The sharp decline in greenfield investments in Pakistan is concerning. Such investments involve new ventures in which a parent company builds operations in a foreign country from the ground up. They can thus make important contributions to the creation of new jobs, development of productive capacity and transfer of new technologies. Indeed, the number of jobs created through greenfield investments in Pakistan declined markedly in each of the first three quarters of 2020. Over this period, just 548 new jobs were created via greenfield investments, down from 6,212 jobs in the same three quarters in 2019.

Most sectors traditionally attracting greenfield investments in Pakistan have been affected. Greenfield investment in the coal, oil and gas sector, which accounted for 43pc of the value of all greenfield investments into Pakistan between 2015 and 2019, plummeted from $1.5bn in the first three quarters of 2019 to just $143.2 million over the same period in 2020. Other key sectors for greenfield investments in 2019 have been similarly affected. For example, no new project announcements were made in communications or renewable energy up to the end of September 2020.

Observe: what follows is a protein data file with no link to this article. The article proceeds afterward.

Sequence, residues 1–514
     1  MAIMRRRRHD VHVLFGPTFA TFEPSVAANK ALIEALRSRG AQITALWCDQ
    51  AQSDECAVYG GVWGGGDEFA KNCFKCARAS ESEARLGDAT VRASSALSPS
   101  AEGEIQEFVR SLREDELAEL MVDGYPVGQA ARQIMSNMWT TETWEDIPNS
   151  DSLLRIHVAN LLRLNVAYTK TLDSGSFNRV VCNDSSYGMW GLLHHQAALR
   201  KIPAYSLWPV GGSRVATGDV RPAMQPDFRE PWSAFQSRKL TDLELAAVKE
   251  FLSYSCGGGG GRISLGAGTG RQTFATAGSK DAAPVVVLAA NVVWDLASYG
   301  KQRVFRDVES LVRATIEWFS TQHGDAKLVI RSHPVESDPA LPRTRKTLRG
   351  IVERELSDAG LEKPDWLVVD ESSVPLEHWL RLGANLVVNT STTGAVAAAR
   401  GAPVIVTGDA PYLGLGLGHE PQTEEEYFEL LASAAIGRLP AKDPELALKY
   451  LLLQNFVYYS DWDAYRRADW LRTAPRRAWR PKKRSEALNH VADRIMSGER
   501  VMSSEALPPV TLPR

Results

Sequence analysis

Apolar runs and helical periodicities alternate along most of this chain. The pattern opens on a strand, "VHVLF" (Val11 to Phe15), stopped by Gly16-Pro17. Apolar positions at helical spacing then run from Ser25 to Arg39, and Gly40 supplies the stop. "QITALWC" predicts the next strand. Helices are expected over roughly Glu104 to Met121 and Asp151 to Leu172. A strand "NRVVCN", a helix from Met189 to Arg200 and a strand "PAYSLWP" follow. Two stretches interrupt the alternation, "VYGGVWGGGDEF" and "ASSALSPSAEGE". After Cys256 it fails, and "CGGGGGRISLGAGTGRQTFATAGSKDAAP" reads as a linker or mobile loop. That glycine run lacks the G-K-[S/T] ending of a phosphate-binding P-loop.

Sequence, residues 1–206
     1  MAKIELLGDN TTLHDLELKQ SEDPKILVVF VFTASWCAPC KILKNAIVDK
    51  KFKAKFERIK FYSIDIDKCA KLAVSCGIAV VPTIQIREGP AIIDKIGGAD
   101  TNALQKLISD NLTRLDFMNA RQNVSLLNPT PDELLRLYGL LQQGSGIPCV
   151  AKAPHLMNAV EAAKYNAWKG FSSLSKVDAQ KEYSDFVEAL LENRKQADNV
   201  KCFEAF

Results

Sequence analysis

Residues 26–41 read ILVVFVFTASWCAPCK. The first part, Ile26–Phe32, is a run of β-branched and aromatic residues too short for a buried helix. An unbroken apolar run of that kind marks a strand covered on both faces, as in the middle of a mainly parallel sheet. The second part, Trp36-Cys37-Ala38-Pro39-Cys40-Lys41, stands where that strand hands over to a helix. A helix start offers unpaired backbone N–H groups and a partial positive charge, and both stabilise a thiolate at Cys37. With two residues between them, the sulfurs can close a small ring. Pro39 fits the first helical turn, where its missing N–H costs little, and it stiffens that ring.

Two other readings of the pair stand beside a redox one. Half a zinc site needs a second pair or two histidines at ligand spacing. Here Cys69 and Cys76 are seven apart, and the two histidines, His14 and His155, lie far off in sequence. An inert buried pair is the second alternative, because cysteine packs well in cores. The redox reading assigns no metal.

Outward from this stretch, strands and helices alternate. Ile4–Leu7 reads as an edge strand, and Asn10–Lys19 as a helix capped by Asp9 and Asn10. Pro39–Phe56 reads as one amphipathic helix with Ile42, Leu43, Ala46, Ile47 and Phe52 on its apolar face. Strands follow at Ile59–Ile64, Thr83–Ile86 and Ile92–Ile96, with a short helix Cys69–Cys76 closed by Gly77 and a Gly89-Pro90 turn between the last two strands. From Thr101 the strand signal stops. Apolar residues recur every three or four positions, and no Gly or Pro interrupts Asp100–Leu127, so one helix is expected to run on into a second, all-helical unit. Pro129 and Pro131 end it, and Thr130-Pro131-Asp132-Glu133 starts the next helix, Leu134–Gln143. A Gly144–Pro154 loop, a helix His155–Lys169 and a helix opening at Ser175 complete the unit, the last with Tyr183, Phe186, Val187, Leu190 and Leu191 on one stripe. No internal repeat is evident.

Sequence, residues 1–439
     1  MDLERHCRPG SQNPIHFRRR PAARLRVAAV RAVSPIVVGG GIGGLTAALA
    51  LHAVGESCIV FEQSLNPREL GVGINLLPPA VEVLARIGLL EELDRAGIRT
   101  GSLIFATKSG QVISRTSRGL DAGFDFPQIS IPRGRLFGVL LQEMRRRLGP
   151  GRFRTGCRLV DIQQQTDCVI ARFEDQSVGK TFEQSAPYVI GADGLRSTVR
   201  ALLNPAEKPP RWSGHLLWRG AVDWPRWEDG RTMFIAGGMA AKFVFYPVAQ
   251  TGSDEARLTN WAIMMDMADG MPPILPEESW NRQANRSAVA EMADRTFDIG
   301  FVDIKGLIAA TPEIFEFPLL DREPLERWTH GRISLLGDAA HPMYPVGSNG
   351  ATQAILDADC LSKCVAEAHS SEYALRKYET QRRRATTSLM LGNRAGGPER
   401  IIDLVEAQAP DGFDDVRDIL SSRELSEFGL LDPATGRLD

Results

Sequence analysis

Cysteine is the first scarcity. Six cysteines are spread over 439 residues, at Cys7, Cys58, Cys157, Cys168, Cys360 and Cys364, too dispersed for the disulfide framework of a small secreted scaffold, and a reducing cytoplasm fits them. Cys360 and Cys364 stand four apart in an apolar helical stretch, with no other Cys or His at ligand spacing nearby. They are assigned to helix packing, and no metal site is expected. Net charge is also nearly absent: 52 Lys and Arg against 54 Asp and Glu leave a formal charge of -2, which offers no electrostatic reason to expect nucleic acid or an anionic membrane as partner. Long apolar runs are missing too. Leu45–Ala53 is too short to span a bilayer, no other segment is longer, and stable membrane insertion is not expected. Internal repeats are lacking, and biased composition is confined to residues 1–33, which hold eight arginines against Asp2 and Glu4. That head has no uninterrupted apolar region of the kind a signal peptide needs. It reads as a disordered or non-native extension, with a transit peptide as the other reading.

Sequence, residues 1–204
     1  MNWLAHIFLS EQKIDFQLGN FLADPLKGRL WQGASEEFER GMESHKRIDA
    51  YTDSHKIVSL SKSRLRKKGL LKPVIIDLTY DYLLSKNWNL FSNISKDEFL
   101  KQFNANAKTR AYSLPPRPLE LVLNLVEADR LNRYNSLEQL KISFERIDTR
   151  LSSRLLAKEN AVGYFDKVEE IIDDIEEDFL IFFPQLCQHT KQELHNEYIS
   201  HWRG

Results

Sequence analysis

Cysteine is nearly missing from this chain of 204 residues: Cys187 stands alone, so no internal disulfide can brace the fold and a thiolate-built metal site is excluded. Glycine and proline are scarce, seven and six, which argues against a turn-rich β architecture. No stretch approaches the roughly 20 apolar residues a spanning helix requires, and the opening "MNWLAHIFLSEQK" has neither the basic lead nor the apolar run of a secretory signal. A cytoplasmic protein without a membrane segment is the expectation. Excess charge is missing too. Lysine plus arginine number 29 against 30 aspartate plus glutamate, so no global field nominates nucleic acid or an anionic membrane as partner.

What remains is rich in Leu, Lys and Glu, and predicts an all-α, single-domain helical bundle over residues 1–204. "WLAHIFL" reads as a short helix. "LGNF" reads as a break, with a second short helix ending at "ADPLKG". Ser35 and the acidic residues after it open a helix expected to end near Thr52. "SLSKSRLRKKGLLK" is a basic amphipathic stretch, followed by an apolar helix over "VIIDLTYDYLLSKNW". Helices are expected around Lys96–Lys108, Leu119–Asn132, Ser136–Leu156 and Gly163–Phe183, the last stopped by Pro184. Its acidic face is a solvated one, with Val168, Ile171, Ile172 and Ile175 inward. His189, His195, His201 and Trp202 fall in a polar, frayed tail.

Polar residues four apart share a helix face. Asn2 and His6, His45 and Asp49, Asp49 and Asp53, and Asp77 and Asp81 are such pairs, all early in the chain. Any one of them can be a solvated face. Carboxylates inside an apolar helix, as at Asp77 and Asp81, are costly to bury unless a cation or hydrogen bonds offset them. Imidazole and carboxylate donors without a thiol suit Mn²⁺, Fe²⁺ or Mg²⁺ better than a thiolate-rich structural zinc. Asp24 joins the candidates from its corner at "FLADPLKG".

Looking ahead, and considering the profile of greenfield FDI in Pakistan (which is mostly concentrated in coal, oil and gas and energy sectors), there is a case to be made for diversifying its sectoral distribution. This will require targeted policy interventions to build productive capacity and shift labour and other resources to higher productivity activities within and between sectors. Such interventions are central to generating sustained structural economic transformation, expand exports and create decent jobs in Pakistan.